By Hillel Aron
By Joseph Tsidulko
By Patrick Range McDonald
By David Futch
By Hillel Aron
By Dennis Romero
By Jill Stewart
By Dennis Romero
The night the Lakers beat the 76ers a few Fridays ago, security officers at Staples Center stole the pre-game show: They tried to block about 50 food-concession workers from leaving the sports arena for a brief protest over unfair labor practices. Under threat of termination, 30 returned to their posts. But 20 workers slipped through to make some points to the fans outside. Chanting and marching in front of the ticket windows, they passed out leaflets asking, ”Could you raise your family on $35 a day?“ The protesting 20 were placed under ”indefinite suspension.“ While their employer, Ogden Entertainment, insists that didn’t mean ”fired,“ they were barred from work when they showed up for April 1 shifts.
It may have looked like a 30-20 loss for labor‘s team, but one night’s action never tells the story of the season, and the protesters‘ persistence brought better results. Ogden allowed them to resume working April 14, and two weeks later, Ogden and their union, Hotel Employees & Restaurant Employees (HERE) Local 11, reached an agreement bringing health coverage and substantial raises to over 400 workers. Stand workers will get an immediate hourly increase of $1.80 (up 20 percent from their current wage) with 50-cents-per-hour increments in each of the four following years.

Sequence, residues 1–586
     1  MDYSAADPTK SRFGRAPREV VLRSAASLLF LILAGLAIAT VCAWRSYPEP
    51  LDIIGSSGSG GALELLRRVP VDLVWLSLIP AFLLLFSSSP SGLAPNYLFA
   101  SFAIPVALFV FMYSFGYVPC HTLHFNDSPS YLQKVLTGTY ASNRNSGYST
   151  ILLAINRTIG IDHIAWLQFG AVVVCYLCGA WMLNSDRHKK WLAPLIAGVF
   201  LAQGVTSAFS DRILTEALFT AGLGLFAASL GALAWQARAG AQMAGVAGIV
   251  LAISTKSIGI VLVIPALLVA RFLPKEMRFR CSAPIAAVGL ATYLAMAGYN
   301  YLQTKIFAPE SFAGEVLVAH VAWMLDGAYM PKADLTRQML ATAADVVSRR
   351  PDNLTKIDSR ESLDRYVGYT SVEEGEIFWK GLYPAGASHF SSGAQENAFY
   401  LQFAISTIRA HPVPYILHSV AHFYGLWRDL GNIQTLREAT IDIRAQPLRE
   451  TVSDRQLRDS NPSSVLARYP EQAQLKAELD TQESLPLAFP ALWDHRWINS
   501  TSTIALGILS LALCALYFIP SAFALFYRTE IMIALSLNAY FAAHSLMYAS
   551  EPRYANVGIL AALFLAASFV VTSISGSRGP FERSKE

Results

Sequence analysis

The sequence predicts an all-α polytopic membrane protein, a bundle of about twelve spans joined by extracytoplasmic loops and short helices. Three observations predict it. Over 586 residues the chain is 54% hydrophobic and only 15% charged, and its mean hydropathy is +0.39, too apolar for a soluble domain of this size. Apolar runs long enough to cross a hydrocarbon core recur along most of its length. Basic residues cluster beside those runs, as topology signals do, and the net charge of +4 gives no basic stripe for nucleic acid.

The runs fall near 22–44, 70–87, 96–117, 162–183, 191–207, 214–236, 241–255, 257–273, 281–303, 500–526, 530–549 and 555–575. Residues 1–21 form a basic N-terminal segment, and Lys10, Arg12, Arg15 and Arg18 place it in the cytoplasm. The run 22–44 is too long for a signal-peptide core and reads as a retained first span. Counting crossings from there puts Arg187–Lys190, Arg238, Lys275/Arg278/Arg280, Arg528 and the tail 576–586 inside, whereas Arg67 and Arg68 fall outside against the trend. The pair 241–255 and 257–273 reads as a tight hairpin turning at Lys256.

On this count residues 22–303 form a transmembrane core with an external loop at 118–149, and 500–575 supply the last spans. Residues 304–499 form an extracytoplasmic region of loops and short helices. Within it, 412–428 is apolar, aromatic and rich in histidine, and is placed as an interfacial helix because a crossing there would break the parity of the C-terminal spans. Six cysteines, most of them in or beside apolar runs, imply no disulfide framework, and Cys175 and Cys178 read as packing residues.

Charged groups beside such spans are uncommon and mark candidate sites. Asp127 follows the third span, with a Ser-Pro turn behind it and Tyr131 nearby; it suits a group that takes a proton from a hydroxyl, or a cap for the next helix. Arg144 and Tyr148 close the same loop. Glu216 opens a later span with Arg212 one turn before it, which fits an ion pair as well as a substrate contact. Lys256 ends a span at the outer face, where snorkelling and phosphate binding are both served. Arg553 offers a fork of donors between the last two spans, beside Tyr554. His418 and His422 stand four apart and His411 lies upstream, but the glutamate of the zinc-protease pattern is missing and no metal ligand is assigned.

Employees at Ogden, which manages food-and-beverage concessions on the ground level and upper concourse, had been making just $35 per shift. While all other employers at Staples reached early agreements with unions, said HERE’s chief negotiator, Karine Mansoorian, Ogden just wouldn‘t play ball. Levy Restaurants, serving the arena’s sky boxes and high-end eateries, signed a contract with HERE in November, giving workers premium-scale hourly rates when their shifts are short, Mansoorian said. Janitors, ticket takers and stagehands have contracts through other unions.
Ogden recognized HERE as the bargaining agent for its Nacho Camachos and Pizza Hut staffs last October. At the negotiating table, said Mansoorian, progress had been less than zero, as Ogden put forward an offer that tied higher hourly wages to a reduction in hours worked per shift. On March 30, the day before the walkout, the union filed unfair-labor-practice charges with the National Labor Relations Board. Shrinking shifts were a bone of contention, said Gerardo Lozano, who also works at Dodger Stadium and gets a flat fee per event under a HERE contract there. When Staples opened, Lozano recalled, management was promising steady work, but six-hour shifts offered in October morphed into four hours rather than eight. The new contract will guarantee workers shifts of no less than five hours.
Ogden‘s tortoiselike negotiating pace may have been related to its plans to exit the food-and-entertainment business. Parent company Ogden Corporation announced on the day of the protest that its venue-management business -- at Staples, the Convention Center, the Greek Theater, Arrowhead Pond in Anaheim, and in other cities -- had been sold for $236 million to rival Aramark Corporation, which serves numerous sports and convention centers, including Dodger Stadium. Ogden executive Jack McIntyre stepped up negotiations with the union after the sale was announced.
The Ogden strife is the first labor-management conflict at the $400 million sports and entertainment complex, where promises to be a ”union-friendly“ facility garnered the support of local labor for city subsidies and expedited permits. With the Democratic Convention looming less than four months away, Staples Center officials had every incentive to ensure labor peace -- and pressed Ogden toward the bargaining table.